• Seek to use positive reciprocity as a tool for building relationships: why shouldn’t what we do be personal to the person we are seeking to build a relationship with?
  • Be disciplined and set the example for your team whilst giving the team the chance and the tools to succeed and receive acclimation.
  • One hundred plan: set achievable goals … doing too much only sets one up for failure.

These messages all resonated with me and will now travel with me every time I consider strategy and actions focused on improvement.

I will finish this post with a quote that impresses just how important it is to think proactively and out of the box when it comes to strategy and performance (from Theodore Levitt):

The future belongs to those who see the opportunities before they become obvious.

Bugger me … February already? Where did January go?

The sentiment in the title to this post is one that I have heard at least 3 times today and have seen on twitter possibly a dozen time more.  I too have found myself incredulous that already we are into the second month of the year.  I am not sure our lives get progressively busier as we get older but it sure feels like it on days like to today when I have sat back to reflect on the month that was January and feel like I have done not very much but that the time has flown.

It struck me though when I thought about it more that perhaps I was being a little too harsh on myself, given that it has actually been a packed month when I look at my diary, and the actual problem is one of failing to reflect on, for want of a better term, things when they actually happen.

Life rushes past so quickly that it is easy for the days to, it would seem, roll together into one large collage of success and failure that just continues to roll on without reflecting on the good and the bad of each day and looking for ways to improve.

In an effort to slow things down and learn more from both the successes of each day as well as the failures I have decided to spend some time each day reviewing what I have done during the day and reflecting on how I could have improved.  Hopefully that will make the time seem to run less quickley and I will learn and improve as the month goes on.

Hopefully next month I am not sitting here feeling like I have done nothing of import and rather feeling positive about the new learnings to come from the month just gone.

The Diary Debate: Electronic or Paper

I have spent a bit of time over my break considering how to improve my performance at work in 2014 and, by extension, how to more effectively use my time.  One of the things I really struggled with in 2013 was management of my diary. The root of said problem seems to have arisen for two reasons: my own focus at times and the fact that my electronic diary is accessible across five devices (MacBook, Work laptop, iPhone, 2 x iPad) means that I often have multiple appointments that I have accepted or declined or otherwise without even really thinking about it.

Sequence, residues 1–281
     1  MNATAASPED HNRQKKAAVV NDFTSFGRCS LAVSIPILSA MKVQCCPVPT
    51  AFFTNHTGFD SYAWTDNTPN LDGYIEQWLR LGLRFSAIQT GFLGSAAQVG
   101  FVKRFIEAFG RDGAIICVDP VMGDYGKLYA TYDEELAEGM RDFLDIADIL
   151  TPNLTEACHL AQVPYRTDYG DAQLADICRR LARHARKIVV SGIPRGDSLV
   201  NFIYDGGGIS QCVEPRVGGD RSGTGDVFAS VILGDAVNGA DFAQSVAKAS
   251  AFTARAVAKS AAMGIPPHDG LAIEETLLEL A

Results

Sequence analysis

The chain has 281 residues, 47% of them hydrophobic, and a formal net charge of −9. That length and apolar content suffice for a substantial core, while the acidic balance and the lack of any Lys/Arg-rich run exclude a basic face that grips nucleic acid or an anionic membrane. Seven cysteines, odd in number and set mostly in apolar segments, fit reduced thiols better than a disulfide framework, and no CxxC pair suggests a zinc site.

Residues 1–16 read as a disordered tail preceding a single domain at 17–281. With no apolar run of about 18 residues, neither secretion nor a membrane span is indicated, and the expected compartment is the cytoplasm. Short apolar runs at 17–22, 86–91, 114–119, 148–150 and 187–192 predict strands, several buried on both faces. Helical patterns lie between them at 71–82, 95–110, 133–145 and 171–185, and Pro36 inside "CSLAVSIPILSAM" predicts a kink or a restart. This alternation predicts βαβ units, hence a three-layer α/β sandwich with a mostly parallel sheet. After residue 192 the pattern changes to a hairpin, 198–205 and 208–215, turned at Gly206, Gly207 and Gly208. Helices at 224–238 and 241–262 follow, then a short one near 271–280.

The first problem is one that I can only fix myself mentally: focus is a funny thing I find.  Sometimes I am too focused on one particular task which means the other tasks fall by the wayside and then other times I am not focused enough and trying to do too much.  The only strategy that I can think of that will really assist is to maintain a full list of all tasks I have and methodically work through them.

The other problem, the diary issue, is also a difficult one.  Sometimes I accept and decline the same appointment on different devices.  Sometimes I mark appointments as tentative but then do not confirm them later so I do not know whether I have accepted or otherwise.  Sometimes I agree to meet with someone talking to them on the phone whilst out of the office and do not put the appointment in straight away and then forget.  As I wandered around Officeworks this morning (because I drove past and I can not resist) it struck me that maybe the answer was to be found in running a paper diary: so I have purchased one.

The more I thought about it though just running a paper diary is never going to work in the current environment in which we work because all appointments are made electronically.  That has led me to the view that for 2014 I am going to trial a dual approach to diary management.  It is obvious that I am going to have to run an electronic diary: everyone does.  I am also going to run a hard copy paper diary.  The way I think it might work is this:

  • Every appointment that comes to me electronically I will consider and either accept or decline.  I will not mark any appointments as tentative.
  • Every appointment that I make via phone or by talking face to face with someone I will put into the paper diary.
  • At the end of each day I will do a reconciliation between the two diaries to make sure they are both up to date.
  • Then at the start of each day I will print out the electronic diary which will stay on my desk during the day and I will carry with me the paper diary.

It strikes me immediately that this is double handling however I am hopeful that an extra 10 mins at the start and end of each day and more vigilance in what goes into my diary will help me be better utilised and better use my time.